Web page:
Yeah… you’ve finally reached that point where you want to tackle a huge project. Something that challenges you. An undertaking that takes your skills to a new level.
It may be a trained 1882 dinner dress; a Civil War ball gown; or an embroidered Regency dress.
But where to begin? You have a brief idea of what you want, but what are the steps to get there? You also believe you can finish this new project (which with this mindset goes a long ways to actually getting it done).
So with just an idea, a dream, how does one go forth to making it happen?
Please take note that all these elements except Construction can be selected in tandem with each other and at various times too. You may pick up eight yards of gorgeous fabric but don’t yet have a design for it. Or you fall in love with a newly released pattern but know you’ll want to build more trim ideas on it later.
Let these elements flow in your design realm. Keep them organic throughout the entire creative process. Build them up when needed and adjust as you go along.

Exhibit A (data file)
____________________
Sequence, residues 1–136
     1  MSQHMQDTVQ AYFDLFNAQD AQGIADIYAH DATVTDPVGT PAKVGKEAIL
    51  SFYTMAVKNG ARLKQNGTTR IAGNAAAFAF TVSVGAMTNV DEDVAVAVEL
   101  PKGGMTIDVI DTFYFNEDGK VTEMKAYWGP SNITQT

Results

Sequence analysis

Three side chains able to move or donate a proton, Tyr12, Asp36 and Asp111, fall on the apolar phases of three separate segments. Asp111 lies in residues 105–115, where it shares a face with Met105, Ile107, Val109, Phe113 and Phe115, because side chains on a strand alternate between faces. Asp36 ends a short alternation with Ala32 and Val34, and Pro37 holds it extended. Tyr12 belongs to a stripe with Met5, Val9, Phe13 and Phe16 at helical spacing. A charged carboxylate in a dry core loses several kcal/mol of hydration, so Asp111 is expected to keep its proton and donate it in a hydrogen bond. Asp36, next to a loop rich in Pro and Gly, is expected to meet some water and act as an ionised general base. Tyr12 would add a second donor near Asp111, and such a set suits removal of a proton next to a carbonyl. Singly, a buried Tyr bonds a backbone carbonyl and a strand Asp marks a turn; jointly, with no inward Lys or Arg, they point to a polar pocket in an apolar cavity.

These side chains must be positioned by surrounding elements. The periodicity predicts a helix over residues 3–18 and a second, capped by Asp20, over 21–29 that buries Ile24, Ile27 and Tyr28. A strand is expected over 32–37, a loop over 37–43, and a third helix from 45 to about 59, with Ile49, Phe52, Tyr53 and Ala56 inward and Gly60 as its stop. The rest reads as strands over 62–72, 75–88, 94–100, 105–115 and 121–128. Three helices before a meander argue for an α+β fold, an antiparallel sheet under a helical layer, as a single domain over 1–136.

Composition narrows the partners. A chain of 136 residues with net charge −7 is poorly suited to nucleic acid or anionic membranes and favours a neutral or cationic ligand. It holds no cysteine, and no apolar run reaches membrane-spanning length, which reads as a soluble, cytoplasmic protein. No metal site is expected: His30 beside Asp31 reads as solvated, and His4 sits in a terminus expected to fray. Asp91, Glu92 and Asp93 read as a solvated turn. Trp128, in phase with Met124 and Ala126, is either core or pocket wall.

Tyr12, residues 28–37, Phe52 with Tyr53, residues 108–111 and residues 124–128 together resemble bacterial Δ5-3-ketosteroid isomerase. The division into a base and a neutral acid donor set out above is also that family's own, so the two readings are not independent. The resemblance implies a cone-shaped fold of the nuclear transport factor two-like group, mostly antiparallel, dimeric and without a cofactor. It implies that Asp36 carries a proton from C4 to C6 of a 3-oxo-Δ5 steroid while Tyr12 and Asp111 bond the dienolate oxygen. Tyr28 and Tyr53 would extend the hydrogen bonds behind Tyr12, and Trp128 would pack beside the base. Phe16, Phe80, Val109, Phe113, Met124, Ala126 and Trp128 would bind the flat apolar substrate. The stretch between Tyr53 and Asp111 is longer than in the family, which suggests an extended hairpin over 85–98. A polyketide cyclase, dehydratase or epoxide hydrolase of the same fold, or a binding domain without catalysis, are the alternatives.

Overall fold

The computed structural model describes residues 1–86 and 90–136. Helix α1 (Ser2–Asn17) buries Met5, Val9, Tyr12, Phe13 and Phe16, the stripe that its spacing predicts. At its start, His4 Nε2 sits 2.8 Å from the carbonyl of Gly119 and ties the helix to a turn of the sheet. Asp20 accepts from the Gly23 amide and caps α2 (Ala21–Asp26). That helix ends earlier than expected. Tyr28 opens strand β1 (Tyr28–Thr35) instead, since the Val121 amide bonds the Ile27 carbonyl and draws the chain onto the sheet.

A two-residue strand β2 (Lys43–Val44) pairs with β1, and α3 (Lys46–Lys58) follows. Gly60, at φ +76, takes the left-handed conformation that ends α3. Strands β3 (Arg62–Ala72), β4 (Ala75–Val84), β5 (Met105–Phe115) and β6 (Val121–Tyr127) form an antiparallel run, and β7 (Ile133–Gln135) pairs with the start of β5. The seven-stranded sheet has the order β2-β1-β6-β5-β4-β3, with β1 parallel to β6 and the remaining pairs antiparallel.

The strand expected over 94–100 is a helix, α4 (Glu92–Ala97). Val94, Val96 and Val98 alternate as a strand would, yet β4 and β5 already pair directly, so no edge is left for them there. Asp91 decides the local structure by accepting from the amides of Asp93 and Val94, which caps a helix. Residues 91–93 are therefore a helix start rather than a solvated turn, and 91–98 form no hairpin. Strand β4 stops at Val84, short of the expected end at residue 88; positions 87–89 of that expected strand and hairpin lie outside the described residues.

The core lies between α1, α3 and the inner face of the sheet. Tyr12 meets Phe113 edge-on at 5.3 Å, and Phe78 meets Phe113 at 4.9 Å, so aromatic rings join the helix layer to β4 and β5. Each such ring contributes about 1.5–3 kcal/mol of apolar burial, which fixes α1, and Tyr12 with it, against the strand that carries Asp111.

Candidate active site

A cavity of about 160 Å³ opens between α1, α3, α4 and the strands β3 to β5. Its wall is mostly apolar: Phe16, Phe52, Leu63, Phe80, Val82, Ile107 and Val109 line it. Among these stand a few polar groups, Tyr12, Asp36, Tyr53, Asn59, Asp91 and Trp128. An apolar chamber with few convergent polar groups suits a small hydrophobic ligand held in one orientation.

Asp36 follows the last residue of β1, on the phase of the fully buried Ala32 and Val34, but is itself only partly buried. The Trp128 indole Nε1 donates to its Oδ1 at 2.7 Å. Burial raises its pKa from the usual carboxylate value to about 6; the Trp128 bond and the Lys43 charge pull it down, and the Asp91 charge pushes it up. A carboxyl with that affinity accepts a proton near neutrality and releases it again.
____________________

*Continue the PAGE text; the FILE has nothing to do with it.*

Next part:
Build the Silhouette
The first thing to do before starting on the dress is to build the proper historical silhouette. The right profile is key to supporting what you want to put on top of it. The silhouette is the entire foundation to the look you are going for.
Underpinnings are where it’s at! Build from the skin out.
You start with basic chemise and drawers, followed by a corset. This is for the entire 19th Century mind you. (Well… except for the drawers which came in more towards the late 1820s.)
Then decide on a support garment, if any. This includes a bustle pad, petticoats, hoops or wired bustles. If you want to make a bustle dress, then you must have something to lift all that poufy-ness in the back. (Try these specific suggestions.)
Once the silhouette is created, the work begins on the dress itself.
Plan the Design
Forming your design goes hand in hand with building the silhouette. It’s the complete, overall appearance to your finished garment.
It’s helpful to sketch out what you want. Details and construction lines, colors, trims, sleeve shape, skirt length, etc. Even if you don’t have your fabric at this point, you need to have the end goal in mind. What do you WANT it to look like when it’s finished? Do you want heavy trimmings or left rather plain?